In our family we have already started the pre-Thanksgiving parties and are busy planning the next couple of months of holiday get-togethers and dinners. It seems every year I get asked what wine should be brought to serve with turkey, prime rib or ham, etc. I have never put too much weight in the perfect pairing, they do exist but often it's best to focus on what you like. If you only like Chardonnay you are perfectly correct in pairing it with duck breast, or whatever may be on your holiday table. Who is to say you are wrong?
Photo by David Dines
Wine is subjective and that's a part of its beauty. Your wine experience should be fun and enjoyable. Drink what you like, not what you think you should be drinking.
However, generally speaking, most of the time it is safe to pair lighter dishes with lighter wines. In adition, richer foods hold up well to the bolder more tannic wines. It’s definitely fun to experiment with like flavors. One example is butter poached scallops with Gran Val Chardonnay. The flavors really complement each other. Adding a little lemon juice to the dish is the key, it adds the acid as well as a common flavor found in the wine.
Or more traditionally, Pinot Noir is a great pairing with turkey. May I suggest our Gran Val Pinot Noir from our Carneros vineyards. Light in body, high acid and bright red fruit with slight herbacious characteristcs make this the perfect pairing to all the Thanksgiving fixins. But again, if that's not your favorite varietal, drink what you want! Most importantly, have fun!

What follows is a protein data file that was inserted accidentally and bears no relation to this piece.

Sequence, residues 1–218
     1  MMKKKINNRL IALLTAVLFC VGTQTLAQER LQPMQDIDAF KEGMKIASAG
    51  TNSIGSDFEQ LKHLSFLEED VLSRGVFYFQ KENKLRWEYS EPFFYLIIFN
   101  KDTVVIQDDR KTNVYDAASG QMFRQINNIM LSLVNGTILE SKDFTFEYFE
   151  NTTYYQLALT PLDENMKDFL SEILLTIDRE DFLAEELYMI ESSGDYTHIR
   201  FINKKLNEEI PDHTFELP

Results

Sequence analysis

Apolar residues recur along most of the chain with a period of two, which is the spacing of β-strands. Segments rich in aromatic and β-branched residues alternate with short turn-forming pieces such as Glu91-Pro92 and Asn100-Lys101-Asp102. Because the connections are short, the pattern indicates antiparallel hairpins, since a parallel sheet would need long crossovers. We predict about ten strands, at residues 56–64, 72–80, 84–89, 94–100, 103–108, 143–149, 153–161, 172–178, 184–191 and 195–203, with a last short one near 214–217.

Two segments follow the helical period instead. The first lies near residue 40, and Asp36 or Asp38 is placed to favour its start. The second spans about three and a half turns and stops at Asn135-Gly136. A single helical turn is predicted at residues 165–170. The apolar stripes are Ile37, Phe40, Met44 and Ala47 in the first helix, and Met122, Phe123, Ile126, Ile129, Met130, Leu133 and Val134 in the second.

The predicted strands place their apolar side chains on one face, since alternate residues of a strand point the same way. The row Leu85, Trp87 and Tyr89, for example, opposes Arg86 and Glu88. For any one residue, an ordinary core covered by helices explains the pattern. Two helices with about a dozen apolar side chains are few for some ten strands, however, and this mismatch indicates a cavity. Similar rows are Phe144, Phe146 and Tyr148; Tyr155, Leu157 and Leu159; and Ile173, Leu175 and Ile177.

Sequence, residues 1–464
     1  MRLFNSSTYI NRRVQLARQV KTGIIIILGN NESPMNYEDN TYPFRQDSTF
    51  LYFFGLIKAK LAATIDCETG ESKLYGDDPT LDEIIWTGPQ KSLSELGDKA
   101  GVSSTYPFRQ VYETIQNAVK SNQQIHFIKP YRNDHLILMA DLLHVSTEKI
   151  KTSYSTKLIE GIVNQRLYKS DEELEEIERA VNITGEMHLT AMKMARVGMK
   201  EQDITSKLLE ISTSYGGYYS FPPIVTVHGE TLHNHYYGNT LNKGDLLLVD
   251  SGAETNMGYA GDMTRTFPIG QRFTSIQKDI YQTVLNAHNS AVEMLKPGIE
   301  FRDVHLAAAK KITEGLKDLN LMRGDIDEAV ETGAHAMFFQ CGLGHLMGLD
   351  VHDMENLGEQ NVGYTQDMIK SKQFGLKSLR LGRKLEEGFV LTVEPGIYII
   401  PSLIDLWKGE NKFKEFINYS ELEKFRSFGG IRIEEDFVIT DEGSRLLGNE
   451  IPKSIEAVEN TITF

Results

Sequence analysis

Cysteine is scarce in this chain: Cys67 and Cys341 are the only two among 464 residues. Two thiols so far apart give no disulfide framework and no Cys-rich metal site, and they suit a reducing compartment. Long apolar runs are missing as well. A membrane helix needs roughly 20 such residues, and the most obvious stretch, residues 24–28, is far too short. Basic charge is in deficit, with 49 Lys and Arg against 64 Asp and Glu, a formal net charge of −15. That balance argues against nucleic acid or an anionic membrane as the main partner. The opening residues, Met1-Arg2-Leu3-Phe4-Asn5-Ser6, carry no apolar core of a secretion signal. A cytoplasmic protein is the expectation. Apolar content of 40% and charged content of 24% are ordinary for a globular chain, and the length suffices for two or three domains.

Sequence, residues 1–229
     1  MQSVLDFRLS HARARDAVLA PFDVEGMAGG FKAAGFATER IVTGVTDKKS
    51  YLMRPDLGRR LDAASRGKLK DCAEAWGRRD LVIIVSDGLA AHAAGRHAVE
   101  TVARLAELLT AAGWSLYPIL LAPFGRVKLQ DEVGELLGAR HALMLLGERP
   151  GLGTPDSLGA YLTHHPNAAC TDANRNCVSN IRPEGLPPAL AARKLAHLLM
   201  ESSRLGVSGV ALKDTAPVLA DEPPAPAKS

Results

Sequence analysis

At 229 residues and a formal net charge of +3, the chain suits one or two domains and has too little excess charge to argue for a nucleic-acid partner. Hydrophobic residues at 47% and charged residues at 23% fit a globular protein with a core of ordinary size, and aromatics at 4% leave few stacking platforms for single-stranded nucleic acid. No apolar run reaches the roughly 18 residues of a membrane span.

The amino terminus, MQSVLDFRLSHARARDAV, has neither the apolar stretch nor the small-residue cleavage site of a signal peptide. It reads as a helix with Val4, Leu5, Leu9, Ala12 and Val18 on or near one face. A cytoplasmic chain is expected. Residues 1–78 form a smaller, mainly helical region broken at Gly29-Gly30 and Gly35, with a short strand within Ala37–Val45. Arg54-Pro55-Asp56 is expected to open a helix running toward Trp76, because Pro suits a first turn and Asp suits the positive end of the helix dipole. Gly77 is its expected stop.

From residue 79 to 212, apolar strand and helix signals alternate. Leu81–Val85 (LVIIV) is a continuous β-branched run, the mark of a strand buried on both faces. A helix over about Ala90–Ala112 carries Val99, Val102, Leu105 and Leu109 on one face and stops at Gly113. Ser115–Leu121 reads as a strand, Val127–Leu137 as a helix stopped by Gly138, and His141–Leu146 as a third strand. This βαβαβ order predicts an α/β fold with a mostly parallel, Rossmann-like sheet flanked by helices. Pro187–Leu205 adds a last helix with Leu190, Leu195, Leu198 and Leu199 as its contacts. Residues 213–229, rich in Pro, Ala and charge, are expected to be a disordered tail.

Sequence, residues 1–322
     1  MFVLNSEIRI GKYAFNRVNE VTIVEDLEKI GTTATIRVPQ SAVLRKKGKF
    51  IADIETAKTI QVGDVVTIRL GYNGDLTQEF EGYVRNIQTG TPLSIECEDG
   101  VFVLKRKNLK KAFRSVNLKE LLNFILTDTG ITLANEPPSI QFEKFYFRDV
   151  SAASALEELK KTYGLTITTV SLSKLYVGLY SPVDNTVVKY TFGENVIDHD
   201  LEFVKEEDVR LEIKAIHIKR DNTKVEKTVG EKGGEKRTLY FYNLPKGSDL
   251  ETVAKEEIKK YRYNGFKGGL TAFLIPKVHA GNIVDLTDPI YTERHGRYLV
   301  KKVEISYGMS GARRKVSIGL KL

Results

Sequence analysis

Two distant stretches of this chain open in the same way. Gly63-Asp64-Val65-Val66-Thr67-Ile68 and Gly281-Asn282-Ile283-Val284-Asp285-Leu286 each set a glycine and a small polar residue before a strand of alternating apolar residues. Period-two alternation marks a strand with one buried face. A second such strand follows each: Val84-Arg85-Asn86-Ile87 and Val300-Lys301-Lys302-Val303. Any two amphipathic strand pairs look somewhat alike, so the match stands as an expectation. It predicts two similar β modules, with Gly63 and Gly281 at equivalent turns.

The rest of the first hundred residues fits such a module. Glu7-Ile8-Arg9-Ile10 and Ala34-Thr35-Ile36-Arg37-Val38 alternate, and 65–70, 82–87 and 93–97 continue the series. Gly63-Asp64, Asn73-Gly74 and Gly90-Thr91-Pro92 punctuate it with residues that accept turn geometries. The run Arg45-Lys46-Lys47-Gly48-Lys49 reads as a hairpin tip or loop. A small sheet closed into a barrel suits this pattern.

Exactly one year ago we were just finishing our harvest when the fires broke out in Napa and Sonoma counties. It was a crazy time to be in the valley but after a relatively short period of time we have all but completely bounced back and you have to look pretty hard to see evidence of that scary time. The most interesting thing about this anniversary is the difference between the vintage in 2017 and 2018. Instead of almost being finished with harvest at this time last year, for 2018 we are just getting started (with Cabernet anyway).
October 10th was the first pick on Cabernet Sauvignon compared to last year’s first Cabernet Sauvignon pick on September 9th. One full month behind!
What is behind this late harvest timing? Mild weather (the winemaker’s favorite kind of weather) takes credit. As I have noted before, most years in Napa have some periods of really hot temperatures which accelerate the ripening of the grapes. With a year like 2018 there were no significant heat events which means a more natural and slow accumulation of flavors in the grapes. Generally, the longer the growing season the better the grapes. In some mild years like 2011 we had a similar temperature pattern but we had a lot of late season rain.
This year’s forecast shows sun and no rain in sight through October which puts us in about the best winegrape growing position possible. I’m looking forward to these wines!
That time of year again. After a few weeks of denial, I realized that harvest is starting once again! It seems like a hardship because of the amount of time that it requires but it really is the most exciting few months of the year.
As a winemaker, we always seem to be telling people that the season is lining up to be the "vintage of the century". Most of the time we are exaggerating and doing our best to react to what mother nature is throwing at us (heat, cold, rain, hail, fires, flood etc.). This 2018 harvest is different, at least so far. The mild weather caused by a cold trough from Canada/Alaska has been remarkable. The usual August and September 95+ degree days have been replaced by 75-80 degree perfection. This is giving us a greatly expanded ripening window which is developing great flavors in the grapes and will let us slowly and carefully get those ripe characters without the drying out that excessive heat causes. This great weather along with all the amazing changes at Clos Du Val (Hirondelle House!) this time I "know" it’s going to be a great vintage!